I then steered Dexter to a small vertical, giving a little kiss to get his attention and to speed him up. He lifted his head up and his ears pricked forward and continued forward, at the base of the jump I clicked, I leaned up into the two-point and followed through with the smooth jump with a hard landing and pushed forward. “HaHah! Good lad!” I said patting his neck. I let him take a very quick trot break before picking the canter back up. I steered him towards the next jump, which was about the same height, but this one had accents. I expected him to try and spook, so I kept more leg contact and clicked a few extra times to the jump. He jumped a bit too early, due to my mistake. I was left behind slightly, I couldn’t regain myself completely, but nonetheless gave him a praise after the jump.
The thing about Dexter is that you always feel in control when on his back. He’s a big, strong, horse, and might seem a bit intimidating at first, but he honestly is such a charm. He is powerful, but he respects whoever is on his back, and has an awareness of how big he is, which is pretty uncommon frankly. He was such a sweetheart throughout the ride, and I’m quite excited to get working more with him, I forgot how great of a horse he is, and seeing how well he’d been taken care of, I’m sure he has no new vices! He made my first ride of the day very enjoyable, it was quite the relief from the usual rude stallion I ride.
I took Dextero out on a trailride as a cool off after clearing some other jumps, it was a quick hack around the facility. Not quite a trail ride, but it counts. After that I went on to my next horse of the day.
The next horse of the day was Gallahad, a lanky seal bay ottb stallion. He’s not nearly as comfortable as Dexter, but he’s one of my personal horses, so of course I love him. I put on his saddle pad, saddle, and put on his bridle, and took him out to the ring. He was a lot less curious as Dexter, I usually have to threaten to slap him when leading him to the ring because of how much of a grumpster he is. He’s about the same height as dexter, but, since he’s my pony, I’m more keen to just swing my leg up onto him and get goin.’ Laddy is pretty used to it, once I was on, he was easy to get forward with a very small squeeze.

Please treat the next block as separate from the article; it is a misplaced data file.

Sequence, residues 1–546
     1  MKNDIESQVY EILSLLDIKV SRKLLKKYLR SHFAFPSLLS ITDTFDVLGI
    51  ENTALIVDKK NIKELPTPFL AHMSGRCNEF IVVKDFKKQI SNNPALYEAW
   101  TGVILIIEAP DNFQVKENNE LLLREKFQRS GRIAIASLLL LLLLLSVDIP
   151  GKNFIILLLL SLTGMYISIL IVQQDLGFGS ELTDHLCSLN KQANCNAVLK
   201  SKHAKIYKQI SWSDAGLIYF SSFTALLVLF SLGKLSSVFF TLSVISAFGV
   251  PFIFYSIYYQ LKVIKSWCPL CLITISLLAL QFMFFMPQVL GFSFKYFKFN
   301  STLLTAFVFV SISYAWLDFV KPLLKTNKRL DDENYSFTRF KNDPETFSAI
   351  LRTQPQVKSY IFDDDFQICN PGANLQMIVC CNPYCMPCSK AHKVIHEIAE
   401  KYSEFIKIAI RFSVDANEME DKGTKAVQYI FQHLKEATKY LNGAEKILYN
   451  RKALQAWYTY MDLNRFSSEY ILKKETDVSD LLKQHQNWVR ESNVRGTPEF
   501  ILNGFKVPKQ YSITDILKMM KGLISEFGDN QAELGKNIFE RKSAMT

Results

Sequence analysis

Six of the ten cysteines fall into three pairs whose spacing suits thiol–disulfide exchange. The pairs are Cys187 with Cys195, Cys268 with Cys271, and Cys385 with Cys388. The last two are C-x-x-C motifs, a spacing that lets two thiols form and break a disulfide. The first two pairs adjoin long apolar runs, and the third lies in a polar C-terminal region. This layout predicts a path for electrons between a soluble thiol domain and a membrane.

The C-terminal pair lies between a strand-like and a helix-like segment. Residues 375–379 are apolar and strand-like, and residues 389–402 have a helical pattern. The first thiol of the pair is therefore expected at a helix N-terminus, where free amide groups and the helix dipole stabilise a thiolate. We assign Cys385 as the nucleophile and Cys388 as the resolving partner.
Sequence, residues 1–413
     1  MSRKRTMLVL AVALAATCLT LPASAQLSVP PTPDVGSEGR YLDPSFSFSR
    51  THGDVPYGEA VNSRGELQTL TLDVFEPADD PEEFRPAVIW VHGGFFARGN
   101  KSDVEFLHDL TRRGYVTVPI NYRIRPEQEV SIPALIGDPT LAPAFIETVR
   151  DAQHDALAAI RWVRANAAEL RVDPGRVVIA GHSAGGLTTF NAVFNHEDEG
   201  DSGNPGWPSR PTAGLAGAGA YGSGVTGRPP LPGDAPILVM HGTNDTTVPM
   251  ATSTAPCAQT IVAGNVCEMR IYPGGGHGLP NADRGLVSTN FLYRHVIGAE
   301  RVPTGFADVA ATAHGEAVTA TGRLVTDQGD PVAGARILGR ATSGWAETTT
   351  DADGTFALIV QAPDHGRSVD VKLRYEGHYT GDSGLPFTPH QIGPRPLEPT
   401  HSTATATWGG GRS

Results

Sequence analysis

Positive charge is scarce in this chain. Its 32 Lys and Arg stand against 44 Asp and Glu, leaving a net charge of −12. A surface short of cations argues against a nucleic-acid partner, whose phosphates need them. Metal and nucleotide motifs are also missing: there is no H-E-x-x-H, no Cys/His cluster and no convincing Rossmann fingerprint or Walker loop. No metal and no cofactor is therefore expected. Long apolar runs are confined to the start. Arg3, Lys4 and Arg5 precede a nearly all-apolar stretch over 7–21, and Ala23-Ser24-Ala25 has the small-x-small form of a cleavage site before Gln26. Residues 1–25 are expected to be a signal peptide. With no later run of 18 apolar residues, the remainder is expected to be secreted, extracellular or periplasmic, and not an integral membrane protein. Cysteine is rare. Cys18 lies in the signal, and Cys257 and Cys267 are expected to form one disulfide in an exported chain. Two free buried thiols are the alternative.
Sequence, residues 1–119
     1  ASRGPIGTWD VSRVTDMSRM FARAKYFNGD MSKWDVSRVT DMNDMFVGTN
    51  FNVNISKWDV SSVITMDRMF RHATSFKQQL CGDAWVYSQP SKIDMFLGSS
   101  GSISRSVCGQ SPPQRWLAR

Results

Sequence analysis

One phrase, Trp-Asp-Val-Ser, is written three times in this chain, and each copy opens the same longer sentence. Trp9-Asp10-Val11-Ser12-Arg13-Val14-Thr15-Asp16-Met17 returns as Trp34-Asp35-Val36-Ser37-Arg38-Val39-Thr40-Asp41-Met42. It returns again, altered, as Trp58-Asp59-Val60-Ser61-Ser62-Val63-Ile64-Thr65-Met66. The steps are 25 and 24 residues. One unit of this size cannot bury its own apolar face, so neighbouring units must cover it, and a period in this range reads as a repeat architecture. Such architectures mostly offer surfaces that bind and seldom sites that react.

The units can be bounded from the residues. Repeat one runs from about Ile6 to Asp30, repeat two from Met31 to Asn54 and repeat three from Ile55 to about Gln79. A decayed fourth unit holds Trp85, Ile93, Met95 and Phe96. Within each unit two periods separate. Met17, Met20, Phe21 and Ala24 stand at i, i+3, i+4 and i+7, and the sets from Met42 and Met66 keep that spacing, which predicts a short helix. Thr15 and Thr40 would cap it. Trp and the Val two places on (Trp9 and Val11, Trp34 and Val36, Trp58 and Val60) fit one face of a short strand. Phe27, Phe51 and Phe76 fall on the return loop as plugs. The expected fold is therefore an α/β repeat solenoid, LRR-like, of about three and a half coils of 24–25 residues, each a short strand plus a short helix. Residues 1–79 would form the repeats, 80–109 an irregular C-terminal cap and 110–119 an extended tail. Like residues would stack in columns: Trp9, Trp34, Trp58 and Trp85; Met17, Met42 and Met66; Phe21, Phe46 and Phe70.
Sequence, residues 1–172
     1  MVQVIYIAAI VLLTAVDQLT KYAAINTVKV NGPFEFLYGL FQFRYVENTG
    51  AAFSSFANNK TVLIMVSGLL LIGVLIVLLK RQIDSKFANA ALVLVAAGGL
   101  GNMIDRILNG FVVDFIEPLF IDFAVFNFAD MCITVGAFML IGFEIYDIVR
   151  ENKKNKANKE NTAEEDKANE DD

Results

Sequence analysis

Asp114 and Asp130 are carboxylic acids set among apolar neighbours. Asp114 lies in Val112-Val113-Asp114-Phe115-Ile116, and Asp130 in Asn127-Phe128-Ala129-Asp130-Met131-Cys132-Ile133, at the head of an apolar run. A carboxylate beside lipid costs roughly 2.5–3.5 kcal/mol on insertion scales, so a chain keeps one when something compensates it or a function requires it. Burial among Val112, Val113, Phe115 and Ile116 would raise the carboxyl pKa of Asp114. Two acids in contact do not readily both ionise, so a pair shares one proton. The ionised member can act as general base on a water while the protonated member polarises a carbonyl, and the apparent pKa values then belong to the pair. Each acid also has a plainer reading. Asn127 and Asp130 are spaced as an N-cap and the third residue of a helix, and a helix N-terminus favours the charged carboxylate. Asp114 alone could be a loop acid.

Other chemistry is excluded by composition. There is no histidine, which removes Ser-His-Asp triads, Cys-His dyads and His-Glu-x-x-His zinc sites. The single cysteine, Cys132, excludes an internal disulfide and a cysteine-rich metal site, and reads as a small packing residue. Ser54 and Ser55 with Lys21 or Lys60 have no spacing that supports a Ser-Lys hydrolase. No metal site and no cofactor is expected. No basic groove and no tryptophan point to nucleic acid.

I warmed him up, same as Dexter. Laddy is a very forward horse, he’s very fast, and sensitive. After getting him stretched and moving, I barely adjust my seat, I barely squeeze and he bounced up into his trot. He was super bouncy as always, tossing his head, and snorting at the horses in the pasture nearby. Laddy would swerve here and there, spooking at a random leaf that falls from a tree, or a bird in a tree a metre away. There was an array of exclamation from me,,, “why- why exactly is that scary??” “UGHHHHHHHHH” “You dimwit!” “BLOOODY HELLLL.” Hee started getting antsy and annoying pretty quickly. He did a few small rears here and there, just normal Laddy being Laddy.
I got him to canter, he was being speedy as always, but he was being a bit calmer than. This told me we definitely need more flat work when it comes to trotting, so the jump schooling was cancelled and it made it a flatwork lesson. “Lordy, Lordy, Laddio,” I muttered in a whisper and brought him back down to a trot. That was pretty much how the whole ride went. Wasn’t very enjoyable, but it was going to beneficial in the long run for the both of us.
Thirdly, I rode an appaloosa stallion named Old Crow. I wont go into too much detail about the ride now, since If I do this will all get super repetitive! So, I’ll make this short ‘n sweet and just say I had a very nice ride on Old Crow, he behaved well and only threw me off once! Which franky is more than usual, but it’s not serious enough to dwell on. (he refused at a jump and swerved, aaand I did not.) But for the most part he cleared each jump!
I can't be angry with him, he's adorable.. especially in that baby blue tack
Last horse of the morning till I took a break, if you can call it that.
Good old Ian, a saint among stallions. He was being a superstar throughout the ride. He’s still got a lot of baby in him, and stumbled over his feet here and there, and knocked some poles, mistook some cues, but he’s still in the works. He made me realize not all hope was lost for the stallions here, who all seem to be complete dingusses. He was a very good boy throughout the ride and didn’t make me want to completely bury myself in manure. Ian responded well, if he spooked, all he needed was a pat of reassurance and he would be back to it. He wasn’t being fidgety and fussy, he was just being good. He got a lot of pats during his ride.
(ooc: image will be here eventually, my sims died right before I got photo's of Ian)
I did barn work, and gave Walt a lesson.
there you go that’s how my morning in the stables started! Usually I ride about 5 other horses the rest of the day? Give my daughter a riding lesson, sometimes Walt gets an extra one, work on training some ponies, work around stables, and then some normal life stuff.